WASHINGTON - Democrats' promise of a quick increase in the minimum wage ran aground Wednesday in the Senate, where lawmakers are insisting it include new tax breaks for restaurants and other businesses that rely on low-pay workers.
On a 54-43 vote, Democrats lost an effort to advance a House-passed bill that would lift the pay floor from $5.15 to $7.25 an hour without any accompanying tax cut. Opponents of the tax cut needed 60 votes to prevail.
The vote sent a message to House Democrats and liberals in the Senate that only a hybrid tax and minimum wage package could succeed in the Senate. But any tax breaks in the bill would put the Senate on a collision course with the House, which is required by the Constitution to initiate tax measures.
In a separate vote, the Senate also effectively killed a modified line-item veto bill. The Republican-inspired measure would have permitted a president to pluck individual items out of spending bills and submit them to Congress for a vote.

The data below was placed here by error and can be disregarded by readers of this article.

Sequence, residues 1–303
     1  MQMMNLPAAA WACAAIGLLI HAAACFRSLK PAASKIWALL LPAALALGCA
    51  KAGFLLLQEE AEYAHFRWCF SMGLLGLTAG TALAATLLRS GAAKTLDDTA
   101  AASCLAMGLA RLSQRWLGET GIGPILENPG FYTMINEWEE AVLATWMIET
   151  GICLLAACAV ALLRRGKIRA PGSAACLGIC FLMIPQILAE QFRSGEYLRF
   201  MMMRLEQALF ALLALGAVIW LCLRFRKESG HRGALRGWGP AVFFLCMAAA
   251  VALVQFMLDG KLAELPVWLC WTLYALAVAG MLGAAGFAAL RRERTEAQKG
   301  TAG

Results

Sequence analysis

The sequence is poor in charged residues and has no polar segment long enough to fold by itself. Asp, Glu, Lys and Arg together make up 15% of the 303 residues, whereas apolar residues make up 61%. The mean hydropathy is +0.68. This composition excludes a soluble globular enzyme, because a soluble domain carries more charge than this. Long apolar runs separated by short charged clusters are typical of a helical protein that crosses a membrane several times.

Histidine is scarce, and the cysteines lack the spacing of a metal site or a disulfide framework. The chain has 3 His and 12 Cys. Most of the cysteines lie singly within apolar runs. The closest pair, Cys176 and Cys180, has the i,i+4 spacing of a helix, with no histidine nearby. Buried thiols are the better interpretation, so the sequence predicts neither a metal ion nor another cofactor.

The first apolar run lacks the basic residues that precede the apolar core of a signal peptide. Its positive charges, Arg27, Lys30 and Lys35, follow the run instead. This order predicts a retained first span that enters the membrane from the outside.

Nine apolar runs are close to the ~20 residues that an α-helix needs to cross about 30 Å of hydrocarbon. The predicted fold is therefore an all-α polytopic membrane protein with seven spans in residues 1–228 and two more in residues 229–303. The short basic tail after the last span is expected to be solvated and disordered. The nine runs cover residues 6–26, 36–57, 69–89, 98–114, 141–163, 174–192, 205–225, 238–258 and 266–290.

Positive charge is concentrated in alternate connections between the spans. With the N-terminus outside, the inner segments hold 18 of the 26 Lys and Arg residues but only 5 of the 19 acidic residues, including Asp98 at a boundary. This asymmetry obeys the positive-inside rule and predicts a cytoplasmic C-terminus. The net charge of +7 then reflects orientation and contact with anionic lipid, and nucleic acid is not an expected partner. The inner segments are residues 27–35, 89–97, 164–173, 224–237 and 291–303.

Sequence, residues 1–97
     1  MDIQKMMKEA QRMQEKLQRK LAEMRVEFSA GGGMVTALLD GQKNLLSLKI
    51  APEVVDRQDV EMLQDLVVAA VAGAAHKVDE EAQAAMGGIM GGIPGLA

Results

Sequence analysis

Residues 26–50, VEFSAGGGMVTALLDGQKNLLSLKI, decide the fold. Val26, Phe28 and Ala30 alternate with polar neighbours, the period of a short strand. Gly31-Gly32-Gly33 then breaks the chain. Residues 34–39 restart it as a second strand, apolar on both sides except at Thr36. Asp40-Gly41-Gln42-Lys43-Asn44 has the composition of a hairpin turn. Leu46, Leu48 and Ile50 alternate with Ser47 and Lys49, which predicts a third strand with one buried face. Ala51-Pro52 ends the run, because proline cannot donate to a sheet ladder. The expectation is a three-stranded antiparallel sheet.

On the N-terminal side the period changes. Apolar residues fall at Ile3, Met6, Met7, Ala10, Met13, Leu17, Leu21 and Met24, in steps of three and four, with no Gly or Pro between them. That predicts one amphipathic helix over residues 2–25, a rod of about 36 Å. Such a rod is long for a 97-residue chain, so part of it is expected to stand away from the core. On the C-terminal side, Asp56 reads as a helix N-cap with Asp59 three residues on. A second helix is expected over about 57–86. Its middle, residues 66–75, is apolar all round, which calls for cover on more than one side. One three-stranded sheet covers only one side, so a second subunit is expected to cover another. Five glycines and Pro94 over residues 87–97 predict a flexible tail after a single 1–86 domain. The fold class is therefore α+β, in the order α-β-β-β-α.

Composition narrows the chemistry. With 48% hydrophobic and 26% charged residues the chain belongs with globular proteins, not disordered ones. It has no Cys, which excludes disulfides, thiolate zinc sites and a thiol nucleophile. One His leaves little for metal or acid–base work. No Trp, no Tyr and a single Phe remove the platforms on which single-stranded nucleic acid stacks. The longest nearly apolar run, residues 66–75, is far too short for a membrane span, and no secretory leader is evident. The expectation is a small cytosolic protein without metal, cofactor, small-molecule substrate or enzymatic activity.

Raising the minimum wage is one of the new Democratic Congress' top priorities. The wage floor has been unchanged for 10 years. The bill would increase it to $7.25 in three steps over 26 months.
"Why can't we do just one thing for minimum wage workers, no strings attached, no giveaways for the powerful?" asked Sen. Edward Kennedy, D-Mass., a leading sponsor of the bill.
The House passed the increase two weeks ago. Since then Speaker Nancy Pelosi, D-Calif., and Rep. Charles Rangel, the chairman of the tax writing Ways and Means Committee, have prodded the Senate to keep tax proposals out of the bill.
Senate Majority Leader Harry Reid, D-Nev., scheduled Wednesday's vote to demonstrate the Democrats' lack of Republican support for a straight minimum wage bill without tax cuts. Every Democrat present voted to end debate and five moderate Republicans joined them.
"There seems to be agreement to raise the minimum wage," said Republican Sen. Michael Enzi of Wyoming. "The difficulty has been how do we take care of some of the impact to small businesses that will result from this."
Reid is backing an $8.3 billion tax package that would extend for five years a tax credit for employers who hire low-income or disadvantaged workers. It also extends until 2010 tax rules that permit businesses to combine as much as $112,000 in expenses into one annual tax deduction.
The cost of the proposal would be paid with revenue realized from a proposed cap of $1 million on executive compensation that can be tax deferred. The tax package also would end deductions for court settlements or punitive damages paid by companies that have been sued.
A vote on that package is not expected until early next week.